3. Emphasize the stakes for genre fiction

When you’re working with fantasy or science fiction, it may be difficult to introduce your book without speaking at length about the world you’ve built — which is understandable since worldbuilding is so important in SFF genres, and you’re probably still partly living there yourself! However, what really keeps readers glued to genre fiction books is the rising tension, and agents specialized in these categories will want to get a taste of that in your synopsis.

Of course, if you have a unique premise — like a trope-defying character or an intricate world — you will want to mention that. But as all successful query letter examples will show, special details should be integrated into your plot, rather than under a singular spotlight. The agent doesn’t need to know specific political structures or powers all too well at this point, but if you tie in a compelling plot progression, they will grow curious.

The same applies for romance, YA, and other plot-based genres. You want to show that your character’s personality and background not only are well-developed but also help propel the story forward.

4. Draw connections with recent comp titles

I mentioned previously that you can reference similar titles to your own to show that you know the market — these are called comp titles, and they can be incredibly helpful tools when pitching to agents, publishers, booksellers, and even readers themselves.

To someone who hasn’t had the chance to read your book, what better way to help them understand than to compare it to a title they may already recognize (and enjoy)? It’s also great for character-based books, which might not have a plot to anchor the synopsis. The keyword here is “recognizable”: you don’t want to pick something too niche that no one would know about.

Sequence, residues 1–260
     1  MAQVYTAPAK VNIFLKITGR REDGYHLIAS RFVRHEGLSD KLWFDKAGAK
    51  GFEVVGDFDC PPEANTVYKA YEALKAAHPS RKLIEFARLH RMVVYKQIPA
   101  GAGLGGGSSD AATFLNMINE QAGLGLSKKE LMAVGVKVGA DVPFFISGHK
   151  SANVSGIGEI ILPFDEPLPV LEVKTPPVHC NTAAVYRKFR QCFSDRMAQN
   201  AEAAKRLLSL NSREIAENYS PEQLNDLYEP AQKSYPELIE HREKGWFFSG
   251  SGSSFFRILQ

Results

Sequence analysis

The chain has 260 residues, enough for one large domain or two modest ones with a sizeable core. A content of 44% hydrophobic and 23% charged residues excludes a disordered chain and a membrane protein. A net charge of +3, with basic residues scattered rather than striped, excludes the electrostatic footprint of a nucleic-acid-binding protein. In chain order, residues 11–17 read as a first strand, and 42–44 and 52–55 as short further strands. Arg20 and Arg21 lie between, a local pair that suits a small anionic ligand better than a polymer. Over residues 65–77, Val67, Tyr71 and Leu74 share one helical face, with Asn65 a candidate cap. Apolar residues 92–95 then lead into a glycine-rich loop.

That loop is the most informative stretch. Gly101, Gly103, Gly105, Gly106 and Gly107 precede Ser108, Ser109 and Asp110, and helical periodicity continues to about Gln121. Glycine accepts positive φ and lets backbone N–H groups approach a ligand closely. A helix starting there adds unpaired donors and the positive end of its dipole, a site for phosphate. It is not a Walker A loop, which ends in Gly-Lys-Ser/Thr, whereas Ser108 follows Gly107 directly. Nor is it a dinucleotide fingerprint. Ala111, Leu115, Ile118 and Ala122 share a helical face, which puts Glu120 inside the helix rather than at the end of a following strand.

Now, you may be tempted to list classics — if you do, it might be better to call them your inspiration than to compare your book to them. As well-appreciated as they are throughout time, classic-style books don’t necessarily sell well in today’s market. You want to be more up to date on reading trends, so make sure you read and choose recent titles in your genre too.

And you get an extra point if you can find a comp that the agent you’re querying has represented, which leads us to the final tip…

5. Be personal, but don’t gush

Personalization is an effective and essential technique to your querying endeavor. That said, you don’t want to overdo it.

It’s a given that you will address the agent by name. You can also mention any connection between the two of you — whether it is that you met briefly in a writer’s conference a while back, or that the agent has been recommended to you by an author they’ve worked with. Complimenting a book you know they have published is also a good move, but it’s best to limit it to one or two books. You don’t have to list out their entire back catalog or use only their books as comp titles — they know the books they’ve helped publish, after all!

In other words, you want to build a connection with the agent from the get-go, but you don’t want to cross that line into flattery.

Hopefully, these tips have helped you get a better idea of how to write a query letter that will convince agents. It’s always a challenging mission to find the perfect fit, but you’ll get there in the end. If you have any further questions, the internet is your friend, as you can find free advice on anything you need. Good luck!

Savannah Cordova is a writer and content creator with Reedsy, a marketplace that connects authors who plan to self-publish with some of the best editors, designers, and marketers in the business.